Donald Judd (1928-1994)
Donald Judd (1928-1994)


Donald Judd (1928-1994)
stamped 'DONALD JUDD 87-55 ALUMINIUM AG MENZIKEN' (on the reverse)
anodized aluminium and acrylic sheet
10 x 40 x 10in. (25.5 x 101.6 x 25.5cm.)
Executed in 1987
Galeria Theo, Madrid.
Private Collection, Spain.
Galeria Cayón, Madrid.
Acquired from the above by the present owner.
Madrid, Galleria Theospacio, Presencias 2 Mil, 1990 (illustrated in the incorrect orientation).
Madrid, Galeria Cayón, Materia Gris, 2009.
Madrid, Galeria Cayón, El ESpacio Apropiado: Donald Judd, Charlotte Perrand, Jean Prouvé, 2011.

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Cristian Albu
Cristian Albu

Lot Essay

‘Judd’s wall boxes appear as neither low nor high relief in relation to the wall. They avoid relating to the wall as a ground plane, which would be a conventional sculptural effect, a situation analogous to paint within a rectangle set against its fictive ground plane, or “background,” illusionistically. The space of Judd’s boxes is their own’

‘Three dimensions are real space. That gets rid of the problem of illusionism and of literal space, space in and around marks and colors – which is the riddance of one of the salient and most objectionable relics of European art. The several limits of painting are no longer present. A work can be as powerful as it can be thought to be’

A proud incursion into space, Untitled (1987) celebrates material, colour and near architectural form. With its distinct, perfect edges and uncompromising corners, the work demands deep and focused attention. Executed just seven years before the artist’s death, Untitled epitomises Judd’s use of aluminium and acrylic, materials whose flawless surfaces heighten the work’s uncanny optical magic. The box is fronted with orange acrylic bisected by an internal aluminium divider, and its right half is divided again by aluminium masking one third of the frontal surface: the interior is visible but screened, new areas and spatial relationships coming into sight as the viewer’s position shifts. Perfectly aware of the space it inhabits, the verticality of the wall and the planes of floor and ceiling are succinctly acknowledged in the work’s wall-mounted format.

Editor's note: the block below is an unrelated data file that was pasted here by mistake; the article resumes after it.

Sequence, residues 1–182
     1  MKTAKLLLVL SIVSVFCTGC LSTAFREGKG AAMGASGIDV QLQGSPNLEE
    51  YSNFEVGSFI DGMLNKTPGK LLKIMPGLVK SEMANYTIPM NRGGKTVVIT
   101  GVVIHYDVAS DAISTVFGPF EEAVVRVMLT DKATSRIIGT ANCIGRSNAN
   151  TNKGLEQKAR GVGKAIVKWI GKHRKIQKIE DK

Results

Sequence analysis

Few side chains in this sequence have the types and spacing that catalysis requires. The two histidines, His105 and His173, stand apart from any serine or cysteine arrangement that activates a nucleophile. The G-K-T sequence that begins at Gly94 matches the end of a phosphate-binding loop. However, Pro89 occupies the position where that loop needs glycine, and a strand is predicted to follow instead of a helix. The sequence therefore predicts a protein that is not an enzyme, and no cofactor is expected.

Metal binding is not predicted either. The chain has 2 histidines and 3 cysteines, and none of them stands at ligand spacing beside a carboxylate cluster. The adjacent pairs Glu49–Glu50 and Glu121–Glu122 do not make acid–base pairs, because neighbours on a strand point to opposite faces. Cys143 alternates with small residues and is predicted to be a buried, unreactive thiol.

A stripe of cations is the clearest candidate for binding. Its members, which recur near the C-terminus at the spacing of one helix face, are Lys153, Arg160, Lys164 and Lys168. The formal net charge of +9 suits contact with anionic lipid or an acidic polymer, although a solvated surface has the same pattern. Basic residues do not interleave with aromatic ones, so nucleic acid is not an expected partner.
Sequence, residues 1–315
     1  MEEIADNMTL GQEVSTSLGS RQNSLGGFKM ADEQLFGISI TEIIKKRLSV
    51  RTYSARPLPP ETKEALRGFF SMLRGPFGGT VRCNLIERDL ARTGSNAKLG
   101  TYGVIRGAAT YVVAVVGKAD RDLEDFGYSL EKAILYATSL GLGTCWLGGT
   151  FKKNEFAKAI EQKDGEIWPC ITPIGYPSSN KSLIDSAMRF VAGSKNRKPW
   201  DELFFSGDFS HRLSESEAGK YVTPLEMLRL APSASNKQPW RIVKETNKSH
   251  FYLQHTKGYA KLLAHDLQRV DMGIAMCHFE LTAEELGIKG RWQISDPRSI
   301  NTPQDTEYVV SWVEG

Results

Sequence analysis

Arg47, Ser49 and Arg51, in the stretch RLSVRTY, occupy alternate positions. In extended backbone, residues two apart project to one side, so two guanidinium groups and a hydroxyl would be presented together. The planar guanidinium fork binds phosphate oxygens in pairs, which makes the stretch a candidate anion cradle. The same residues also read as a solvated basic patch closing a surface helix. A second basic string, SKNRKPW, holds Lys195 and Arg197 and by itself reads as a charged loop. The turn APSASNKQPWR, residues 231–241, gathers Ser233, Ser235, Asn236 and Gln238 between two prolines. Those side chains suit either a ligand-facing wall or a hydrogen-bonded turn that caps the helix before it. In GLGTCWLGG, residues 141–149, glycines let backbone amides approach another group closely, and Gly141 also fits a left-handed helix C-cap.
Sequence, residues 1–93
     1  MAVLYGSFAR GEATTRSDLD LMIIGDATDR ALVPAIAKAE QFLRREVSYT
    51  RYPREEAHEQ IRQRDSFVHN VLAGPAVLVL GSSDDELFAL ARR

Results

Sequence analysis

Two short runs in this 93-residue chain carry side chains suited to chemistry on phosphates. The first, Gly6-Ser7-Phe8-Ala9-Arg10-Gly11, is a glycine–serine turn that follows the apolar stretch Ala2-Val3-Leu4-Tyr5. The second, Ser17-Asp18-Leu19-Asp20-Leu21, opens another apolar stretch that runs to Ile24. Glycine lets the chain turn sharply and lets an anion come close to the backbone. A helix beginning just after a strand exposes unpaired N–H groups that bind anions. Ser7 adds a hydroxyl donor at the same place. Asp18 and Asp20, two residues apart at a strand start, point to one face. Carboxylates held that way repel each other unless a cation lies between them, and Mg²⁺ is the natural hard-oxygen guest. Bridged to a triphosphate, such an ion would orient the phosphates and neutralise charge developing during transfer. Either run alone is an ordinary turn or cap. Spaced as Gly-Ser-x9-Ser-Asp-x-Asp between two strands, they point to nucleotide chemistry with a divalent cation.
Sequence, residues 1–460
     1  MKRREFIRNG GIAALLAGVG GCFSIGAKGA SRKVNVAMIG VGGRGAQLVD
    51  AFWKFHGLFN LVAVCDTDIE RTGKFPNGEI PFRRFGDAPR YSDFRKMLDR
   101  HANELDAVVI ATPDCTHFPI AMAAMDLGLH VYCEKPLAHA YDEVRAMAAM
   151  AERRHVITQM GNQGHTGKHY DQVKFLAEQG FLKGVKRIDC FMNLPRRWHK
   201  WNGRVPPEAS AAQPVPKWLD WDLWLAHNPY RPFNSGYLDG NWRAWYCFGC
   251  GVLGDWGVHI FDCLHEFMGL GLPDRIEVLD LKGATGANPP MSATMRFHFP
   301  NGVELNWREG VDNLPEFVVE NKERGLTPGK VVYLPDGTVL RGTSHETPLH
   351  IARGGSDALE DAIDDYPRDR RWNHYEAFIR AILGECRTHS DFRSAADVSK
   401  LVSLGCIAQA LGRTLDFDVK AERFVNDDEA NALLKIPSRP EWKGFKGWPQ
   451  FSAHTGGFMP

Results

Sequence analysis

Judd amplifies the work’s spatial presence through his materials. With colour contained in its hard, flat plane, the acrylic sheet both elides the need for painterly application of colour and creates lived perceptual illusions in its play of tinted translucency and reflection: it is entirely non-referential, instead inflecting and enhancing the work’s own specific, self-justifying presence. Indeed, rather than confounding the viewer, Judd spoke of the medium as demystifying his objects. ‘Plexiglas exposes the interior, so the volume is opened up. It is fairly logical to open it up so the interior can be viewed. It makes it less mysterious, less ambiguous. I’m also interested in what might be called the blank areas, or just the plain areas, and what is seen obliquely, so the color and the plane and the face are somewhat obscure to the front. It’s the other way round when seeing the side. In most of my pieces there are no front and no sides – it depends on the viewing position of the observer’ (D. Judd quoted in J. Coplans, Don Judd, exh. cat. Pasadena Art Museum, Pasadena, 1971, pp. 36-7).

As much a polemicist and philosopher as an artist, Judd aimed to create what he called ‘specific objects:’ things in themselves that refused to represent or reference any things in the world, rejecting entirely the illusionistic traditions of Western art. He avoided hierarchy in his compositions, and denied any emotional content to colour. The resulting minimal forms have an astonishingly powerful presence, exploring ideas never before articulated in aesthetic practice. In concert with his uncompromising and hard-edged critical views, Judd’s art aimed to define the very boundaries of what art can express. In works like Untitled, Judd declares with unequivocal power that the observer and the object in space are all that matter: all other things are merely history.

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